Your performance venue is gearing up for a new season and now is the time to make sure all of your staff look their best. Just as your venue sees many different kinds of musicians, plays, musicals, and more, there are many different ways to outfit your various work crews. From front of the house to ushers, security to custodial staff, they all need uniforms, and you have to pick the right printing for the job.
Vinyl printing is probably the most straightforward of all printing methods, but it is also the one with the least room for creativity. It is ideal for single color lettering and designs, and creates logos that can stand the test of time. But before we jump into what mkes vinyl printing a great method, let’s first get a bit more detail about how the vinyl printing process works.
The How’s & Why’s Of Vinyl Printing
Very simply, vinyl printing involves using heat and pressure to apply cut vinyl to garments. Commercial printers mostly use CAD-cut vinyl, or Computer-Assisted Design, both for speed and precision. Computer-assisted design ensures that all letters and numbers meet the standards for every different job and removes human error from the equation entirely. CAD-cut vinyl:
- Has a durable finish that is washable and sturdy, and that never peels, cracks, or fades.
- Is easy to apply.
- Comes in lots of colors and styles, including matte and glossy finishes, glitter, fluorescent or metallic, patterns, holographic effects, and patterns.
- Is easily adaptable for modification and repair.
- Has no setup time, which makes it efficient.
- Can be used on any colors, and is ideal for dark colors. Unlike screen printing and direct-to-garment printing, which allow darker colors to show through light inks, vinyl appliqués are solid. This means you can use light-colored vinyl on dark material and it will show up brilliantly.
- Works well on many different kinds of fabric, including cotton and natural fibers, cotton-poly blends, and synthetics.
Now that we’ve established the positives of vinyl versus other types of printing, let’s take a closer look at the application process.
Vinyl Printing How-To’s
Once your vinyl is cut, you need to “weed” it. This means that you have to remove the extra vinyl, or negative space, so that all that’s left on your transfer sheet is your lettering or design. This can be time-consuming if you have lots of small spaces or intricate designs, which is why vinyl is most frequently used for basic lettering and large designs. Weeding can be done with any sharp pointed tool, and be careful and pay attention, you don’t want to weed your actual design!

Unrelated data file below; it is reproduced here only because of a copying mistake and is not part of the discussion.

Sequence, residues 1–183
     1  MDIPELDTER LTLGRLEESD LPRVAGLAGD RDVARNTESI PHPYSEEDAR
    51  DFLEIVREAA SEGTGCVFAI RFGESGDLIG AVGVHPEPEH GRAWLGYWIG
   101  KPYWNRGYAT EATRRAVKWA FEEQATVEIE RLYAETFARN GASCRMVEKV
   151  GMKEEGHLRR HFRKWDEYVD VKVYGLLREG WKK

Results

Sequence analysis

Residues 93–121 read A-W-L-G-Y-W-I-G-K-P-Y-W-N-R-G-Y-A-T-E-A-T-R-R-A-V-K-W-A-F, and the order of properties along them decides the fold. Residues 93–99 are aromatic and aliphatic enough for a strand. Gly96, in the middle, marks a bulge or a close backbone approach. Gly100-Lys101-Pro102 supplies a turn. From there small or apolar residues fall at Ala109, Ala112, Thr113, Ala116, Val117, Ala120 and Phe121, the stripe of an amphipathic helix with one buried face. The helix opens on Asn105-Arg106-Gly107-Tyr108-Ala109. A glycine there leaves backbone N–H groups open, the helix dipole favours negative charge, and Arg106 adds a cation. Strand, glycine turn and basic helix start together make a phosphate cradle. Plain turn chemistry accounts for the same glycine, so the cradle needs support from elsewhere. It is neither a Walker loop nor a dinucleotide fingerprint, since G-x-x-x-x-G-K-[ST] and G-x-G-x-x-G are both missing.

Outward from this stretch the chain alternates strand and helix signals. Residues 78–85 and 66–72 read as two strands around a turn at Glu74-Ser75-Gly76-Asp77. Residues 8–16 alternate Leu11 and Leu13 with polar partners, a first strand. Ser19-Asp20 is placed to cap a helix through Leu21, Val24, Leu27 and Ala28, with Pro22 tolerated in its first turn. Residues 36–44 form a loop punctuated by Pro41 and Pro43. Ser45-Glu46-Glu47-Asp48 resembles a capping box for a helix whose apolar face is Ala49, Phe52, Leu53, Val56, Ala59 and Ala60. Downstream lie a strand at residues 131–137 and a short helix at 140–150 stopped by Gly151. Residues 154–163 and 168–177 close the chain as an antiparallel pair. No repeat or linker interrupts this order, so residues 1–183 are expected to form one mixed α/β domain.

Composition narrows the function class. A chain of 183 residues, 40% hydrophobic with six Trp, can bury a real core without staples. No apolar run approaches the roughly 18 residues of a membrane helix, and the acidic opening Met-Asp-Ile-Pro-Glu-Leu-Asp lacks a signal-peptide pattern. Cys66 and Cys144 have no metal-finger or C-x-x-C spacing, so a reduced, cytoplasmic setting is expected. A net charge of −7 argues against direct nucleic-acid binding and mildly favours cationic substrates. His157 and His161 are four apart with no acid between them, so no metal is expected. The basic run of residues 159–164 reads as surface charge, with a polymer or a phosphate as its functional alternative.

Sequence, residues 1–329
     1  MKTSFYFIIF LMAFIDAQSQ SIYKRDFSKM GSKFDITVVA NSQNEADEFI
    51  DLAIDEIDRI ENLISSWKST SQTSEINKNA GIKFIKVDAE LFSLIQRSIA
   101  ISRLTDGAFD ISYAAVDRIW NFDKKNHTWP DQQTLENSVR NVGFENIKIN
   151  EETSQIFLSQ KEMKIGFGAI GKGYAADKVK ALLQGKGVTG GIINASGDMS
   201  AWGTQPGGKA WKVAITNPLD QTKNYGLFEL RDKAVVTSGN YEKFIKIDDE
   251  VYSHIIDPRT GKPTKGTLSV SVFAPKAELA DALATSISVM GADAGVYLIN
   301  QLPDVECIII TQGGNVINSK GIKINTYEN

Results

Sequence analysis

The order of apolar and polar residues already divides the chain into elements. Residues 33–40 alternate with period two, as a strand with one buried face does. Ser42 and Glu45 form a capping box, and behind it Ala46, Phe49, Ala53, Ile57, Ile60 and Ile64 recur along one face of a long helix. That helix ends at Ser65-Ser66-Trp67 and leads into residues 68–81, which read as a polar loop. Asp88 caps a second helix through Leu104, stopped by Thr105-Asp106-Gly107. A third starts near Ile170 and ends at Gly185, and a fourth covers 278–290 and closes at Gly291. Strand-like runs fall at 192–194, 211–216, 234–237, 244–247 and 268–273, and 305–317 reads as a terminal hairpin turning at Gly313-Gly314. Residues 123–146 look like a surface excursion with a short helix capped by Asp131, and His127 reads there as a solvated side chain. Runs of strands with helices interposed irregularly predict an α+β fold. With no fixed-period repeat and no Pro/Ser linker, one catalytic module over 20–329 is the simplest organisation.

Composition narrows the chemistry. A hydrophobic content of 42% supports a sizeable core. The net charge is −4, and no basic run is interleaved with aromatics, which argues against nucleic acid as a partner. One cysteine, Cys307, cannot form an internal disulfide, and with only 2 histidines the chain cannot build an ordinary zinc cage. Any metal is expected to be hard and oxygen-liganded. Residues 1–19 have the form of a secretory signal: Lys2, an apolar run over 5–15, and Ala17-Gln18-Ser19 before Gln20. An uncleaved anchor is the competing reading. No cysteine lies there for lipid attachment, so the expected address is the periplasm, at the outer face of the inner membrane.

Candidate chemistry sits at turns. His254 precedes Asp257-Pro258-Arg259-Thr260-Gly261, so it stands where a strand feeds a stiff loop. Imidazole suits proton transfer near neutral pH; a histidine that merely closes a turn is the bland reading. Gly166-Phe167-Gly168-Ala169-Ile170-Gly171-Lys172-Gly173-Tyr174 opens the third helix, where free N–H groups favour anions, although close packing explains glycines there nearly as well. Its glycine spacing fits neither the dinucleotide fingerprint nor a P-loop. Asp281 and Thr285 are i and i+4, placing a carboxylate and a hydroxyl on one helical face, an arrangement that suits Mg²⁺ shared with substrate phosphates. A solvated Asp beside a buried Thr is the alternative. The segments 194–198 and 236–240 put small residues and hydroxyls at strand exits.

Now your transfer film has only your design, and you’re ready to start applying it. You need a combination of heat and pressure to transfer the color from the cut-outs to your garment. Industrial garment printers use large presses that work on timers; simply get the design where you want it, but remember: if you’re ready to press but you’re looking at a mirror image of your design, you don’t have it oriented properly. It will stick to the machine, not your garment!
After making sure your garment and your vinyl are properly oriented, cover your transfer film with silicone or Teflon sheets; these ensure the heat is evenly distributed so the transfer goes smoothly. Every brand of thermal transfer sheet has its own specific time, temperature, and pressure settings that will set the design without burning the garment or vinyl, so the settings are fed to the press and then when everything cools down, peel the transfer sheet away and voilà, your garment is ready!
Vinyl Printing For Your Venue
Vinyl printing is cheap, yes, but is really only suitable for smaller runs of 20 shirts or fewer. There is no setup needed, but weeding your transfer takes time, you have to manually set each item before you press, and you can only press one itemt at a time. Additionally, you’re limited to what you can print: t-shirts are the most popular for vinyl printing, followed by sports jerseys, uniforms, and athletic wear.
We recommend using vinyl printing for your venue if you have a small venue with staff of no more than ten people; if you’re a larger venue with a small custodial, security, bar, or front of the house staff, vinyl printing might be a good option if you don’t mind your different crews wearing different, distinct uniforms. Generally speaking, however, if you need a large number of garments, think about screen printing or embroidery instead.
Should you choose vinyl printing, following these tips can extend the life of your garment, so make sure your employees know:
- Never dry clean a vinyl printed garment!
- Machine-wash in warm (not hot!) water with mild detergent.
- Dry on medium-low heat.
- Never use chlorine bleach.
- Let the design cure for at least 24 hours after printing before washing.
Vinyl printing has some distinct advantages over screen and direct-to-garment printing, especially when you want to print letters, numbers, and simple designs, you don’t need multiple colors, or if you want to print on dark-colored garments. If you choose vinyl printing, or want to talk through your specific venu’s needs, please reach out; printing is our job and we love sending customers off happy.